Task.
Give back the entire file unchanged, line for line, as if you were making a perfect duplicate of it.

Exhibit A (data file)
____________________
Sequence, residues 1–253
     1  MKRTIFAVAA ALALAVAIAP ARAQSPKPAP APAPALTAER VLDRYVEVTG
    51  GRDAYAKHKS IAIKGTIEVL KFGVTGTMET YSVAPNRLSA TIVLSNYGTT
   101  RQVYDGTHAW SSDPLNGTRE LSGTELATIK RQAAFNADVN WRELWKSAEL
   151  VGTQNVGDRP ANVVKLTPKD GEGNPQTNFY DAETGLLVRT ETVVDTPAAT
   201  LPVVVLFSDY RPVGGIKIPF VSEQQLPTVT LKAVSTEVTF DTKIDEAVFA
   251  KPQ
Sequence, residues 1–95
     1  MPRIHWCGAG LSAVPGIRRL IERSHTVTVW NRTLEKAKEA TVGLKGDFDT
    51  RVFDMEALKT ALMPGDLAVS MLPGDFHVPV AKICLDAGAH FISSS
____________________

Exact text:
Sequence, residues 1–253
     1  MKRTIFAVAA ALALAVAIAP ARAQSPKPAP APAPALTAER VLDRYVEVTG
    51  GRDAYAKHKS IAIKGTIEVL KFGVTGTMET YSVAPNRLSA TIVLSNYGTT
   101  RQVYDGTHAW SSDPLNGTRE LSGTELATIK RQAAFNADVN WRELWKSAEL
   151  VGTQNVGDRP ANVVKLTPKD GEGNPQTNFY DAETGLLVRT ETVVDTPAAT
   201  LPVVVLFSDY RPVGGIKIPF VSEQQLPTVT LKAVSTEVTF DTKIDEAVFA
   251  KPQ
Sequence, residues 1–95
     1  MPRIHWCGAG LSAVPGIRRL IERSHTVTVW NRTLEKAKEA TVGLKGDFDT
    51  RVFDMEALKT ALMPGDLAVS MLPGDFHVPV AKICLDAGAH FISSS